How will you decide on your top priorities?
Whoever screams the loudest?
Yeah, I’ve heard those screams before.
Several years ago, I worked at a company where the CEO launched a new company initiative. My boss wanted our division to be way out in front, leading the charge.
I guided my teams to take action. We rolled up our sleeves. We had conference calls spanning the globe. We made progress quickly.
But it wasn’t good enough or fast enough for my boss. He wanted more. Now.
Over time, it became harder to imagine how this initiative was actually going to pay off. We provided time-critical financial services — and every minute mattered.
One day he pushed me too far. I admit it. I had a meltdown.
I insisted that, as a leadership team, we identify our priorities — from top to bottom.
We listed 25 projects and initiatives currently on our plate. We voted on the exact priority order for the entire list.
Guess where his pet project landed?
Dead last. Bottom of the list at #25. We never talked about it again.
When you have limited time to get everything done — and you hear the words “Everything is #1 priority” — it’s the sound of avalanche cannons warning you to run for safety.
It’s time to sit down and agree on the list of priorities.
You can start by taking these 3 steps:
- Identify criteria to evaluate priorities
Think about your role — and the role of your team — within the company.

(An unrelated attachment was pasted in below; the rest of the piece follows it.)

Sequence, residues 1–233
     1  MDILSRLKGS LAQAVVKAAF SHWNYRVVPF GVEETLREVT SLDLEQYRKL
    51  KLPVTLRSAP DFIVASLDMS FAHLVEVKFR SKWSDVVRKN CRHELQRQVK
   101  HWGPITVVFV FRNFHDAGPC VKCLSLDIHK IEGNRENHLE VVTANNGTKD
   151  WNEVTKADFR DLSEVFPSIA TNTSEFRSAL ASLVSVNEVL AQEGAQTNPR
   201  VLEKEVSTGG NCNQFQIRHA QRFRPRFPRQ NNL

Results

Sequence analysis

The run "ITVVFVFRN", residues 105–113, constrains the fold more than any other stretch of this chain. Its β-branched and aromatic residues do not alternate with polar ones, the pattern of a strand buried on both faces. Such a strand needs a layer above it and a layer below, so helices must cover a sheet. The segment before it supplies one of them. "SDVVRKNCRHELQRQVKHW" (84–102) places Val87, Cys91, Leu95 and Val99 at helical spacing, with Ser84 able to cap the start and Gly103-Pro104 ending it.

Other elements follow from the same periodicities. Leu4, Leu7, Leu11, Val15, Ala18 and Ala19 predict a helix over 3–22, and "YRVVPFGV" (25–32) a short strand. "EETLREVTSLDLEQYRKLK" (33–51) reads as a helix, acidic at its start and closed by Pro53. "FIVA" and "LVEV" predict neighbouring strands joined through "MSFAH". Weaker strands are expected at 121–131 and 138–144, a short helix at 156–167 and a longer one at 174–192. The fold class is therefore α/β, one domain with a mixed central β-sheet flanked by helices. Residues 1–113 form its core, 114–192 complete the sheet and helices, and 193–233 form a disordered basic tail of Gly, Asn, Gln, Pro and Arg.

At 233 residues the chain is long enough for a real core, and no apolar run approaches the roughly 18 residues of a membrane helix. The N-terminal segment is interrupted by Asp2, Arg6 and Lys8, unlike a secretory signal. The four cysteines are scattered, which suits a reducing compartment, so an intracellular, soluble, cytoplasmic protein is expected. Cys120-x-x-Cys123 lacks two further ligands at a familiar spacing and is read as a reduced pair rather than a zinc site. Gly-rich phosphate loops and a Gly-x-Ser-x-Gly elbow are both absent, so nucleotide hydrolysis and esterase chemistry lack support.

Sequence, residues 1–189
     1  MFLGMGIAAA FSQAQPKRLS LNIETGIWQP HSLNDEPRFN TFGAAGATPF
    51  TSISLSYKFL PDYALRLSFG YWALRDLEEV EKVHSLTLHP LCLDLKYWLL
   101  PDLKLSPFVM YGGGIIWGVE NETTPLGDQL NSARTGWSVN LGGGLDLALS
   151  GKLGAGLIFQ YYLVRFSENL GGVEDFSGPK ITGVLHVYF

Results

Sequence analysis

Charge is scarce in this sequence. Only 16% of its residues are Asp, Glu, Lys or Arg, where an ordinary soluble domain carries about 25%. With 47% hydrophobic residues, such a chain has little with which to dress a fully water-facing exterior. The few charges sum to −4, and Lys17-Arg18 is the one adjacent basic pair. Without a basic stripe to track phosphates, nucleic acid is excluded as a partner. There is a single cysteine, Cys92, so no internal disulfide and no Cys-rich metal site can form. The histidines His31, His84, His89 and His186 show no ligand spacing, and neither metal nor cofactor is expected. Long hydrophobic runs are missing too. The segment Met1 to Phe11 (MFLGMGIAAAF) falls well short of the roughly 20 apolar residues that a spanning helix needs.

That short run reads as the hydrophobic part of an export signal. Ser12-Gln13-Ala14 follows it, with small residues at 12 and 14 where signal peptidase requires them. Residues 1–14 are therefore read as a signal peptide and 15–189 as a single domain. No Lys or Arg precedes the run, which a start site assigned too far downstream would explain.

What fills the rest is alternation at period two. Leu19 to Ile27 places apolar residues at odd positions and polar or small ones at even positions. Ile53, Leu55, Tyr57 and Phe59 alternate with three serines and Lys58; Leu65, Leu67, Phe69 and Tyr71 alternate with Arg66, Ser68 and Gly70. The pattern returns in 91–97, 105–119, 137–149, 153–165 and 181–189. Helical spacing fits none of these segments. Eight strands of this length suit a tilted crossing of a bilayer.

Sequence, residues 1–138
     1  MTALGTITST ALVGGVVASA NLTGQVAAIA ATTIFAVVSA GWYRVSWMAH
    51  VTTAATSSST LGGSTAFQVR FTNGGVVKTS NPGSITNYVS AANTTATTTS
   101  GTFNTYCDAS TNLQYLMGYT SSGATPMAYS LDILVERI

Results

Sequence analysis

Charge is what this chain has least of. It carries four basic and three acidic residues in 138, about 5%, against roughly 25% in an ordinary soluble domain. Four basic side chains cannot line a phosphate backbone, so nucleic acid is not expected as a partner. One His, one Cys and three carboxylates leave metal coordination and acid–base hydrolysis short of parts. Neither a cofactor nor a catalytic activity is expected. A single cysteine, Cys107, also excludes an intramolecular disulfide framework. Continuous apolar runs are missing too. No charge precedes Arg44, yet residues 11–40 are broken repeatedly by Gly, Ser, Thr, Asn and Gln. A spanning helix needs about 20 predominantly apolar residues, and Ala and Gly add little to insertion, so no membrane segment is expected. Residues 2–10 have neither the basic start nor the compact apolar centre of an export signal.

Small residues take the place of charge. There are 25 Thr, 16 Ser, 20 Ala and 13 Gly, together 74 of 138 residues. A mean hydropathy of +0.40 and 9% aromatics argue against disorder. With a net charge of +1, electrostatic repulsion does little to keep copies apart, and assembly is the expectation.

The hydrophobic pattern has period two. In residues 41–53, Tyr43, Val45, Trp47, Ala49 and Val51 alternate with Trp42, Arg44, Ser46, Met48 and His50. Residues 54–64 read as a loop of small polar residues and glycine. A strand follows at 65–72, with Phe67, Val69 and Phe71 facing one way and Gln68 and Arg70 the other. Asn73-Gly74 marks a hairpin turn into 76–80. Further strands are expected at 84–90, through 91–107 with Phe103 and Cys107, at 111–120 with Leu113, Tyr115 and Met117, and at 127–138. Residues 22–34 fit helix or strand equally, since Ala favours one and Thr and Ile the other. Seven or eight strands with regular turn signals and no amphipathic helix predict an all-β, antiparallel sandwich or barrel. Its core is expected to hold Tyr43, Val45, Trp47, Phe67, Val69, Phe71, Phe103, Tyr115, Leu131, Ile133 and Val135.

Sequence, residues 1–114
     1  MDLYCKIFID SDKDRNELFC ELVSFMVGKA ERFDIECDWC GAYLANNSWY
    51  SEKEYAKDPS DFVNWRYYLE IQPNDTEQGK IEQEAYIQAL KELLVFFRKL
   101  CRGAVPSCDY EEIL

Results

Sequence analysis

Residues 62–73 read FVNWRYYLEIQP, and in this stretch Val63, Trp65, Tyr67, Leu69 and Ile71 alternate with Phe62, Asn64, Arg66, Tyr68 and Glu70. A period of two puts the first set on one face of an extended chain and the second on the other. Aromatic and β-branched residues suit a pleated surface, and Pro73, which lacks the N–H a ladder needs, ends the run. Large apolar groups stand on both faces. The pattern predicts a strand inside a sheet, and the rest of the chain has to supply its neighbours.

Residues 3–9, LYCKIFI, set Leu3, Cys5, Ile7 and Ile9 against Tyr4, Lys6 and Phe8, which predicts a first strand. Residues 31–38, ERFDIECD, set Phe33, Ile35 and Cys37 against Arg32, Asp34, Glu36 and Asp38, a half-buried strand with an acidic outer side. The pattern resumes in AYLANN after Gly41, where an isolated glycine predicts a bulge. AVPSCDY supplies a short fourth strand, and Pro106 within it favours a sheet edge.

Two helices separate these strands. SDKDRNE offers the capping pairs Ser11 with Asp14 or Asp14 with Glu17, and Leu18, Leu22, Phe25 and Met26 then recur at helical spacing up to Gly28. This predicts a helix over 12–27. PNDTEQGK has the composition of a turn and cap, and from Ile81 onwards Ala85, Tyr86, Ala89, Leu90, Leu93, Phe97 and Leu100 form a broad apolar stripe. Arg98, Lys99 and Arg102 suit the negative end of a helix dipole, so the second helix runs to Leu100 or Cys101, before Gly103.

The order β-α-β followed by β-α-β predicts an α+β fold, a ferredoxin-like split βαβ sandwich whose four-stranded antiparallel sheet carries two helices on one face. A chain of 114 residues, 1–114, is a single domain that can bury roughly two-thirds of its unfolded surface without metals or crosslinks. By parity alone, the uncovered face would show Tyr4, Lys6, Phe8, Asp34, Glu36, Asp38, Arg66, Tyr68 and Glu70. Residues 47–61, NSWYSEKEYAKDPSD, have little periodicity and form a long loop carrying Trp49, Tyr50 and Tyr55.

How do you contribute to the growth of the company?
What activities lead to increased revenue? Providing excellent service? Increasing efficiency? Or attracting new clients?
Identify a short list that you view as the key drivers to you and your team having the most impact on the company’s success.
2. Collaborate with your team to identify the top 3 to 5 criteria
Discuss the criteria with your team. Seek their input.
Select only 3 to 5 criteria to use for evaluating priorities. (More than that could weigh you down!)
By taking the time to have this conversation, you’re helping everyone understand the logic behind the priorities.
And, since you’re in crunch mode, you can’t afford to have anyone on the team wander off the trail.
3. Evaluate the list of items using this criteria
Once you’re clear on the criteria — and you evaluate each item — you can confidently create a list of items, in priority order.
And, guess what? There will be only ONE #1 priority on the list.
Would you like ideas for how to come up with this list as a team?
Stay tuned for a FREE training module next week. I’ll share my favorite tips for doing this!